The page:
It’s not easy to pick out positives from an energy sector turned upside down by the coronavirus pandemic. With staff confined to home and global energy demand stalling due to lockdown restrictions, oil and gas companies have been forced to abandon carefully made plans and projections.
But there is a bright side.
While the adoption of technologies like cloud computing and the Internet of Things (IoT) had been growing in the industry, recent events have introduced a new imperative.
Virtually overnight, oil and gas companies were forced to switch to remote working. In the process, resistance to change gave way to the fast-tracking of many digital innovations from the research, testing, or trial stage to become a part of daily operations. In a few months, the digitalization ripples that have been forming over time have turned into a torrent of digital adoption.
The oil and gas industry spend on advanced analytics looks set to almost triple in the coming decade. Meanwhile, take-up of cloud computing is forecast to increase exponentially, from $1.3 billion in 2019 to $12.5 billion by 2030, according to a recent BloombergNEF report.
Greater reliance on digital solutions is helping boost efficiency and accelerate the drive towards a more sustainable oil and gas sector.
Trust in digital technologies is growing as a new wave of remote workers relies on digital platforms to interact with colleagues, help customers, and conduct business as close to normal as possible.
Cloud-based systems and IoT connectivity have opened up a sensor-loaded world of new possibilities, harvesting unprecedented volumes of data to streamline and automate operations. Add artificial intelligence (AI) and machine learning into the mix, and the results range from digital supply chains capable of predicting shortages before they become a problem, to integrated systems that survey, monitor, and optimize different areas of performance in real-time.
One technology highlighted by Boston Consulting Group as key in these challenging times is the use of Digital Twins in the industry. Creating a virtual replica of oil and gas infrastructure, or individual components, allows real-time tests and analysis to be conducted using operational data; this, in turn, optimizes the efficiency of processes and reduces costs without disrupting real-world processes.
Robotics and Remote Working
The digitalization of oil and gas is part of a wider energy transition where digital systems are being adopted to drive efficiency and flexibility that can help lower carbon emissions. For example, in many countries AI is now being used to monitor energy demand and weather forecasts; this data is then used to predict the required and likely power output from renewable energy sources, making it easier to balance the grid. AI is also being used in traditional power plants, increasingly switching them away from being baseload generators to perform a balancing role.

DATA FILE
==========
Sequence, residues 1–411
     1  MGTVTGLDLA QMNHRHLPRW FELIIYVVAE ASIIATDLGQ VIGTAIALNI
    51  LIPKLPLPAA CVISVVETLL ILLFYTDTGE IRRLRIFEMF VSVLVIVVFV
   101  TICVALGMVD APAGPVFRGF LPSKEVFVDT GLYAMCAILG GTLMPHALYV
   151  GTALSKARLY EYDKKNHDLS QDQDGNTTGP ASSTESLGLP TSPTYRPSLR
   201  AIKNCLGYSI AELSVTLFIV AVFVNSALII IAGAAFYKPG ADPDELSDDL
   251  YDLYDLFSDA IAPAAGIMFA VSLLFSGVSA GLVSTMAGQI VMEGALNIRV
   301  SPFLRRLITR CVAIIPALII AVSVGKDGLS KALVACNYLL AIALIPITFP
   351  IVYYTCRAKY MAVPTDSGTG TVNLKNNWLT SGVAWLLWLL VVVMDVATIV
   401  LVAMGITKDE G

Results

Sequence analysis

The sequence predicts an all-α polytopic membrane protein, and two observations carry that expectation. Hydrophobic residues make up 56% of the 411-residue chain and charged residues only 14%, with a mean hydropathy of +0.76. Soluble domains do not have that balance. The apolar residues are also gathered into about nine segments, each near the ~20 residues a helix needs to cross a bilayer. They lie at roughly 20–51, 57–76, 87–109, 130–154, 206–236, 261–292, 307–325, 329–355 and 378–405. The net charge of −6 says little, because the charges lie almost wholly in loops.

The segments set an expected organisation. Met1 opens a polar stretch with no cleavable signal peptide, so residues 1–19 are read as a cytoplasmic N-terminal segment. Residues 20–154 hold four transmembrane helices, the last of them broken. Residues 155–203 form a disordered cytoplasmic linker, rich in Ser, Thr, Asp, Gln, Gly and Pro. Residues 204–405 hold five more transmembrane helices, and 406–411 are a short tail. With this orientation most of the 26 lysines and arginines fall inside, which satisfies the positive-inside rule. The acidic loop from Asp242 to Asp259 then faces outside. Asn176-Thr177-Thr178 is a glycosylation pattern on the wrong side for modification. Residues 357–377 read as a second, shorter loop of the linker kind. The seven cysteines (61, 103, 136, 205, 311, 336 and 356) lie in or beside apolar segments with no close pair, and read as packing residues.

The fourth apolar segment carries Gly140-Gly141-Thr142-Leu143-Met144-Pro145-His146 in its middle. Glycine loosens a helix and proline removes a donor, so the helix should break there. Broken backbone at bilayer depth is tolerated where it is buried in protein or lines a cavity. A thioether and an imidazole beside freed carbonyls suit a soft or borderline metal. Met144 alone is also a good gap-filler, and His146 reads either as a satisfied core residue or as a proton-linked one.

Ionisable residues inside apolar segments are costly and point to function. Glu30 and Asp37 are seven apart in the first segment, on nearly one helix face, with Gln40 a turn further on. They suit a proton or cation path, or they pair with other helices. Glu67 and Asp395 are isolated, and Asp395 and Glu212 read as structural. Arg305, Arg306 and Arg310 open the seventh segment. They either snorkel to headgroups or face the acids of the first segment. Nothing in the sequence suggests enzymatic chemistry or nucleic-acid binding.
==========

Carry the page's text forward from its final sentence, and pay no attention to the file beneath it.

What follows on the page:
Amid the current oil price volatility, intelligent systems can help reduce oil and gas operating costs by utilizing infrastructure and resources more efficiently. In the offshore sector, oil and gas platforms can operate remotely, allowing one control center in a single location to monitor multiple sites. Eliminating the need to fly operations or maintenance crew to distant rigs boosts safety, cuts operations, and transit budgets − plus fewer flights add to sustainability efforts.
Unmanned rigs or isolated oil and gas installations can be patrolled by rechargeable, explosion-resistant, remotely-operated robots, capable of conducting routine inspections and performing some maintenance tasks.
Mitsubishi Heavy Industries (MHI) Group, for example, is developing a range of robotic recruits capable of detecting oil or gas leaks and system malfunctions on rigs or industrial sites. The range includes a fire-fighting robot to tackle extremely hazardous blazes and another that can carry, drill, and open and close valves to assist in dangerous clean-up operations. Entering hazardous places, like flammable gas environments, means the robots’ human counterparts are not put at risk.
From drones being used to inspect dangerously inaccessible places on oil and gas infrastructure, to virtual or augmented reality headsets helping to train engineers remotely, the applications of digital technologies are too numerous to list. Suffice to say that accelerated digital adoption creates a more agile, efficient, integrated, and – importantly − more sustainable, oil and gas sector.
While adopting digitalization comes with considerable capital outlay, the benefits far outweigh the costs. And as the pace of adoption increases in the wake of the pandemic, companies that don’t go digital could find themselves left behind.
Amid calls by the United Nations to Build Back Better, digital solutions have the potential to help oil and gas companies speed up their progress towards net-zero emissions.
Johnny Wood has been a journalist for over 15 years working in different parts of the world – Asia, Europe, and the Middle East. As well as an accomplished features writer he has edited several prestigious lifestyle magazines and corporate publications.